With the holidays just weeks away, the last thing you need is a run-in with the flu. Flu season in Missouri runs from October to March, and sometimes stretches into May. Dr. Randall Williams, Missouri Department of Health and Senior Services Director, predicts a rough go this year, similar to 2017, which saw 134,000 flu cases and 279 flu-related deaths.
The best way to protect yourself, your family and the general public is to get a flu shot. It’s recommended for everyone ages 6 months old and older, unless they have a medical reason to not receive it.
Flu Shot Facts
- When you have the flu, you can spread it to others even if you don’t feel sick.
- The flu vaccine doesn’t cause the flu because the viruses in the vaccine are dead.
- Flu vaccines are safe. Serious side effects are very rare. The most common side effect is mild arm soreness from the shot.
- The flu shot isn’t just about protecting your health. Getting vaccinated also protects the people you love, like your kids and grandma.
Flu Vaccine and Egg Allergy
If you have an egg allergy, even a severe one, you can safely get any type of flu shot. Centers for Disease Control and Prevention guidelines recommend getting your shot from a healthcare provider with experience in recognizing and treating allergic reactions. An egg-free vaccine is another option.
If you have questions about egg allergy and flu vaccines, talk with your doctor, nurse or pharmacist.
Additional Ways to Avoid the Flu
After getting your flu shot, take extra steps to stop the spread of germs.
- Wash your hands often. Use soap and water if they’re handy. If not, use an alcohol-based hand rub.
- Cover your cough. Cover your sneezes, too. Use a tissue, or cough/sneeze into your elbow, not your hands.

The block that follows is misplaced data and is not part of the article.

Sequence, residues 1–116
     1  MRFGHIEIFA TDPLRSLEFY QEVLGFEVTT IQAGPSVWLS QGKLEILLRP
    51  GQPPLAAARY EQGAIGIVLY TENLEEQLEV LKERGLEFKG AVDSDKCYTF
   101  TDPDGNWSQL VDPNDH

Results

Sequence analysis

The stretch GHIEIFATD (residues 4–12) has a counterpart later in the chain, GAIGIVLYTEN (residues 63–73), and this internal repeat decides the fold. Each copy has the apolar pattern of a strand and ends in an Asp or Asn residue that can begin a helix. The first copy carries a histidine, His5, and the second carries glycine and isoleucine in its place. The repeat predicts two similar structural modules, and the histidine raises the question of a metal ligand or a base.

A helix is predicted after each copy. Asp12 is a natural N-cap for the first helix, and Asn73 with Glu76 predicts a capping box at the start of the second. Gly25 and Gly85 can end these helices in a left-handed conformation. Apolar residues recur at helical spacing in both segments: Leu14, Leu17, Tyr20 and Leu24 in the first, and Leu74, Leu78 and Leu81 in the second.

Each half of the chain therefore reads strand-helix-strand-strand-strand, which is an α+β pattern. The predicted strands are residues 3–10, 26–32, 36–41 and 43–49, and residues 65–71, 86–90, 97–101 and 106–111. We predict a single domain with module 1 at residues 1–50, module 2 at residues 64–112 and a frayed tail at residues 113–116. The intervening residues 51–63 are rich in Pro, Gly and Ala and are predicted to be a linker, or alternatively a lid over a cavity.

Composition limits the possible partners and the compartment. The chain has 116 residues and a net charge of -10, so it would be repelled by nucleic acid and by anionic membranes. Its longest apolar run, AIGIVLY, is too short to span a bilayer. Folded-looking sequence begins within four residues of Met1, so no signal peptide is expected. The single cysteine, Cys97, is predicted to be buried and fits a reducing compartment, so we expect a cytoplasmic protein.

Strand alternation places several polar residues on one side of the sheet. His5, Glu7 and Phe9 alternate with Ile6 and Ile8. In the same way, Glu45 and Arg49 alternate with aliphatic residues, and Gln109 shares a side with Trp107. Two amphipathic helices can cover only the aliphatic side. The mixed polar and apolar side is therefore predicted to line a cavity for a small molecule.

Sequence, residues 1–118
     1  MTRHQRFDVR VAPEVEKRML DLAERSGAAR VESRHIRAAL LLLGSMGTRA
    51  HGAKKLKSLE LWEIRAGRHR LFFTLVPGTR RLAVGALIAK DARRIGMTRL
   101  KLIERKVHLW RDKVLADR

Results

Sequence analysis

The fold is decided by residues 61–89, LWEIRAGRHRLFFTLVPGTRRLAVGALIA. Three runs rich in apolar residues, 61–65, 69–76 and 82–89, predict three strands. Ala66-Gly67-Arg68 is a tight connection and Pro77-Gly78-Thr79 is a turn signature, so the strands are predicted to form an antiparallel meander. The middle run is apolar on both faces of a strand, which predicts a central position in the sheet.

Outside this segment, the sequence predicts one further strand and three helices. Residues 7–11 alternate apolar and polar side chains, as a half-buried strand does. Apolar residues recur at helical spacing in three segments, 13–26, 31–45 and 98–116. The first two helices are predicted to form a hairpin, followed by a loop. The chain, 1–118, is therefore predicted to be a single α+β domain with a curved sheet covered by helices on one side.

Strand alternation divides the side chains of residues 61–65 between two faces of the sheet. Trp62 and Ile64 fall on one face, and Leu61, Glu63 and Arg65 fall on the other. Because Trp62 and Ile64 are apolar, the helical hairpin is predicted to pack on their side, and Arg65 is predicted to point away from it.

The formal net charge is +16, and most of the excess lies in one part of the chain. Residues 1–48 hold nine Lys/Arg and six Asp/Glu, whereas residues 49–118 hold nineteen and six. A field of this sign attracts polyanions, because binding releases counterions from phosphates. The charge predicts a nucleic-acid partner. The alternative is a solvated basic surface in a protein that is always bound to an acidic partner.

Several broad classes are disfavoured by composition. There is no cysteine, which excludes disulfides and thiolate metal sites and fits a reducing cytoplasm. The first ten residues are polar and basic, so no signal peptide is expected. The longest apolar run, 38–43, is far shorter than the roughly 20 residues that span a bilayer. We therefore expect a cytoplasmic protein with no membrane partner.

- Stay home when you’re sick. It’s not always easy to do, but work and school can wait if staying home will help prevent spreading germs.
The Flu Versus the Stomach Flu
Yes, it’s possible to get the flu even if you’ve had a flu shot. That’s not a reason to skip out. The flu shot reduces your odds of getting sick. At the very least, it can lessen the severity and duration if you do.
The flu is a respiratory illness, so you feel it in your nose, throat and lungs. Signs and symptoms include:
- Muscle aches
Sometimes, the flu gets lumped in with the stomach flu. Truth be told, there’s no such things as the stomach flu. The correct name for the ever-unpleasant stomach bug is gastroenteritis, and it’s not caused by influenza viruses. It’s an infection caused by several viruses, such as rotaviruses and noroviruses. Gastroenteritis attacks your intestines. Signs and symptoms include:
- Body aches
The Sooner, the Better
It takes about two weeks for the vaccine to kick in, so now’s the time to act. Get vaccinated at one of our Meritas Health Express locations or visit your primary care doctor so you’re ready when flu season strikes.